furia

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See also: Furia and fúria

Italian[edit]

Etymology[edit]

Borrowing from Latin furia, whence also Italian foia (an inherited doublet).

Noun[edit]

furia f (plural furie)

  1. fury, anger, rage
  2. hurry, rush

Synonyms[edit]

Related terms[edit]


Latin[edit]

Etymology[edit]

From furō.

Pronunciation[edit]

Noun[edit]

furia f (genitive furiae); first declension

  1. rage, fury, frenzy

Inflection[edit]

First declension.

Case Singular Plural
nominative furia furiae
genitive furiae furiārum
dative furiae furiīs
accusative furiam furiās
ablative furiā furiīs
vocative furia furiae

Derived terms[edit]

Descendants[edit]

References[edit]

  • furia in Charlton T. Lewis and Charles Short (1879) A Latin Dictionary, Oxford: Clarendon Press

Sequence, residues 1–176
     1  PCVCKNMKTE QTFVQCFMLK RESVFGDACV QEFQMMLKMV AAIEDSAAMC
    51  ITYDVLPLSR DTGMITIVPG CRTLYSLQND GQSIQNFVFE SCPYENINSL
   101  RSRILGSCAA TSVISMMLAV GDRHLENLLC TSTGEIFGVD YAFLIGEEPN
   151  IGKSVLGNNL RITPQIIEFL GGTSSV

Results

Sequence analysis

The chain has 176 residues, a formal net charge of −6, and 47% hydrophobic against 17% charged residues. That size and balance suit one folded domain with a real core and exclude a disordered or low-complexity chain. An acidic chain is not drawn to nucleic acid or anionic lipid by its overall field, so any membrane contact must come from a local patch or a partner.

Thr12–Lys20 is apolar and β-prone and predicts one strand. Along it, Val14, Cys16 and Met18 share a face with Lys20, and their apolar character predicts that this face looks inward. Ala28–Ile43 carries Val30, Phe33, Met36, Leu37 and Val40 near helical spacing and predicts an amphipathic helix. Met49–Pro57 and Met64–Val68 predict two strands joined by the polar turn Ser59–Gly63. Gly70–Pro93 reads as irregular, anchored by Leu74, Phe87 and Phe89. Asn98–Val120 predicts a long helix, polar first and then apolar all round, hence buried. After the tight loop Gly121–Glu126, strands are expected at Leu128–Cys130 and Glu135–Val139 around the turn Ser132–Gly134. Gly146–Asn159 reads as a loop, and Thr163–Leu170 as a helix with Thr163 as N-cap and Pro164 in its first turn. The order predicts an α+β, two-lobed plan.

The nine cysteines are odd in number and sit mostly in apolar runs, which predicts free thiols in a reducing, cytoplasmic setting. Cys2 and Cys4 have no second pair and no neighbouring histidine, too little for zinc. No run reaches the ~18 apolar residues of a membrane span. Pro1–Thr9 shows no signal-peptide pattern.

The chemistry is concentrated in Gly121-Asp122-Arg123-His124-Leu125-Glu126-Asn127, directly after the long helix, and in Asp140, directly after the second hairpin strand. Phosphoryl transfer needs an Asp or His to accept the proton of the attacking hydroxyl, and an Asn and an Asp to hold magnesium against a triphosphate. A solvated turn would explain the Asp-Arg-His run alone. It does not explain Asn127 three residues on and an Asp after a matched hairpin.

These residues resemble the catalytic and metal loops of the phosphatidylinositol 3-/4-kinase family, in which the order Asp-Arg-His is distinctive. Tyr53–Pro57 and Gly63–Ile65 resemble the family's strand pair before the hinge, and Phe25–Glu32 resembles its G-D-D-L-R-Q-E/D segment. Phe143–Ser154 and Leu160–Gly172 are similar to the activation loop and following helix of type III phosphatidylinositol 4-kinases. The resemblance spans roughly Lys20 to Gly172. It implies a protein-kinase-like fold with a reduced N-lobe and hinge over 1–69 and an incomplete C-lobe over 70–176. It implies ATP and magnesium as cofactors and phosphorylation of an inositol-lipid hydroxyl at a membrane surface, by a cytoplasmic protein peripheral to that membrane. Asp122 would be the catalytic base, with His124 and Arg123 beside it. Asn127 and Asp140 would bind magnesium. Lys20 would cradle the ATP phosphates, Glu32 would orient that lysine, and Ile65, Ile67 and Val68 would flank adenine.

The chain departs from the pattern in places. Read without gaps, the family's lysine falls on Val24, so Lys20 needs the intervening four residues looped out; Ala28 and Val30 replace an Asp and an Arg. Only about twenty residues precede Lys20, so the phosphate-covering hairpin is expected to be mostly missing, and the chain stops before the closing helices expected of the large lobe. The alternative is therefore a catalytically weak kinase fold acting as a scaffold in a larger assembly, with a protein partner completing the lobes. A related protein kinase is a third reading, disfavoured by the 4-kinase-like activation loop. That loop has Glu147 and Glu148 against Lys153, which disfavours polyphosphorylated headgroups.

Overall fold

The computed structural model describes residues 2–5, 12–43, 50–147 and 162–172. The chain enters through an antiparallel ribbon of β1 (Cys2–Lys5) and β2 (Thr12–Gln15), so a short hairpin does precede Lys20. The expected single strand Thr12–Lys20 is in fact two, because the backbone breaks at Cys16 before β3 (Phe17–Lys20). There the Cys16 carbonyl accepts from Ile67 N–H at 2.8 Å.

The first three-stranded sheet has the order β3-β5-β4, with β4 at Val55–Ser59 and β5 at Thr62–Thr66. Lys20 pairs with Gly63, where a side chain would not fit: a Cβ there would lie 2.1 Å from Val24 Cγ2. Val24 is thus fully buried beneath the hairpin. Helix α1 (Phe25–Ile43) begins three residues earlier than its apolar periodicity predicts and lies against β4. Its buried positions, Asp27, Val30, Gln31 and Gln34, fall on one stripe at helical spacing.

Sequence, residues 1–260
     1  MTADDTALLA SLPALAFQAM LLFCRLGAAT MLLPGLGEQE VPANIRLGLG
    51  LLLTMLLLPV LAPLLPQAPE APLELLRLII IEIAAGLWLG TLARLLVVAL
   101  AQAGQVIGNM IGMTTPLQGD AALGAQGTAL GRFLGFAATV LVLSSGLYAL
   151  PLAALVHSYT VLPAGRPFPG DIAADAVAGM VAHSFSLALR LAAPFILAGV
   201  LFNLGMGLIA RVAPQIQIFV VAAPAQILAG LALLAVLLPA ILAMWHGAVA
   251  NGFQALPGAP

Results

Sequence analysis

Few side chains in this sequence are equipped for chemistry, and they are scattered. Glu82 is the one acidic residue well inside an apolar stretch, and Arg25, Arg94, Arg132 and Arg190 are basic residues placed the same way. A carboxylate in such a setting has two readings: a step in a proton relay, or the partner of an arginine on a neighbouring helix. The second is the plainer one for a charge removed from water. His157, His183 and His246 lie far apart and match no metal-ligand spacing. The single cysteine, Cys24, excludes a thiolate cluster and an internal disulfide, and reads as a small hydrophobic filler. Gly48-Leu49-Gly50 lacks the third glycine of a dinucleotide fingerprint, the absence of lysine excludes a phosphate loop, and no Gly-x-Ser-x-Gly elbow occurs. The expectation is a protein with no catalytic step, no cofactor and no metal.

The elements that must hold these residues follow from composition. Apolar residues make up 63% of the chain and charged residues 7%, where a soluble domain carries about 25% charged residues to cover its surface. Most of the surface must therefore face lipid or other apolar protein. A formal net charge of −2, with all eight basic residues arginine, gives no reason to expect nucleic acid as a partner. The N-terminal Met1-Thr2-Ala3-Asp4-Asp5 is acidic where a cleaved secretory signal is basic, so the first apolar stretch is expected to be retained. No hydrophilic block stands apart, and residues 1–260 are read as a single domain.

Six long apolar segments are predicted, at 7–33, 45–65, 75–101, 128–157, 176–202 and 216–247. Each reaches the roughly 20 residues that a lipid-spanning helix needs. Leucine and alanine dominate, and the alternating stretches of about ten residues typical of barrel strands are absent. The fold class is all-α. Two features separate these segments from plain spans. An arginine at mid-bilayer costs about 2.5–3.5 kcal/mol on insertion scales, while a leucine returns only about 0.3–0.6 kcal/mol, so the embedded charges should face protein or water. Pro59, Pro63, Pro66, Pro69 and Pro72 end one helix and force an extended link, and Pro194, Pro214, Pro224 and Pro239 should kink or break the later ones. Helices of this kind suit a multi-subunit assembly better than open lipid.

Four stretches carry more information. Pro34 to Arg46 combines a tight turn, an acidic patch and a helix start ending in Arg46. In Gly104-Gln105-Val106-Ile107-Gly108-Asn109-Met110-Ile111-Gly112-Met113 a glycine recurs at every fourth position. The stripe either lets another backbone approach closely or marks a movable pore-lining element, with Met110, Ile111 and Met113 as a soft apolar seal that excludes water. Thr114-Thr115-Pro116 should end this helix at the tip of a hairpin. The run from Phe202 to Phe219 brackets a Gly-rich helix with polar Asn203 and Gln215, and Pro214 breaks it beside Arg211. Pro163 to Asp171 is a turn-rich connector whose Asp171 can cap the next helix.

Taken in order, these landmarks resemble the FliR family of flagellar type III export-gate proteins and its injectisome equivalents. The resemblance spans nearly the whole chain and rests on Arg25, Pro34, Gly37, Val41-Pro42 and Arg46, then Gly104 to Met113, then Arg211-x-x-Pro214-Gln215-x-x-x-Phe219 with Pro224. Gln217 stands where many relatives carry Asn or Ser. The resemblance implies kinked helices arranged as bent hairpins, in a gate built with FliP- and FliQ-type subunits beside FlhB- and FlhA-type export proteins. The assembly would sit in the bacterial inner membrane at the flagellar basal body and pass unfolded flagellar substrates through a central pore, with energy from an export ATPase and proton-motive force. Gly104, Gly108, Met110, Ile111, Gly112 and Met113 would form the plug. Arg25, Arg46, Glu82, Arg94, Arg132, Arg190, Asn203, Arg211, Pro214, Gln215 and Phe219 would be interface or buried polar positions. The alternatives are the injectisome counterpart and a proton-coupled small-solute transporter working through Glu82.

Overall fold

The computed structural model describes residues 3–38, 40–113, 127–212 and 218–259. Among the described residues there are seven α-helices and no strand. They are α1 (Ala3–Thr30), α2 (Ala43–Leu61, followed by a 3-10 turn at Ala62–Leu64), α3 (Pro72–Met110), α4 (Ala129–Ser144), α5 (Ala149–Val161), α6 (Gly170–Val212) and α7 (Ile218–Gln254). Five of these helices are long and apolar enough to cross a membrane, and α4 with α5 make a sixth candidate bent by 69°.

• furia in Charlton T. Lewis (1891) An Elementary Latin Dictionary, New York: Harper & Brothers
  • du Cange, Charles (1883), “furia”, in G. A. Louis Henschel, Pierre Carpentier, Léopold Favre, editors, Glossarium Mediæ et Infimæ Latinitatis (in Latin), Niort: L. Favre
  • furia” in Félix Gaffiot’s Dictionnaire Illustré Latin-Français, Hachette (1934)
  • Carl Meissner; Henry William Auden (1894) Latin Phrase-Book[1], London: Macmillan and Co.
    • to be tormented by remorse: (mens scelerum furiis agitatur)
    • the Furies harass and torment some one: Furiae agitant et vexant aliquem

Polish[edit]

Pronunciation[edit]

Noun[edit]

furia f

  1. fury, rage

Declension[edit]


Spanish[edit]

Etymology[edit]

Borrowing from Latin furia.

Noun[edit]

furia f (plural furias)

  1. fury
  2. rage
  3. Fury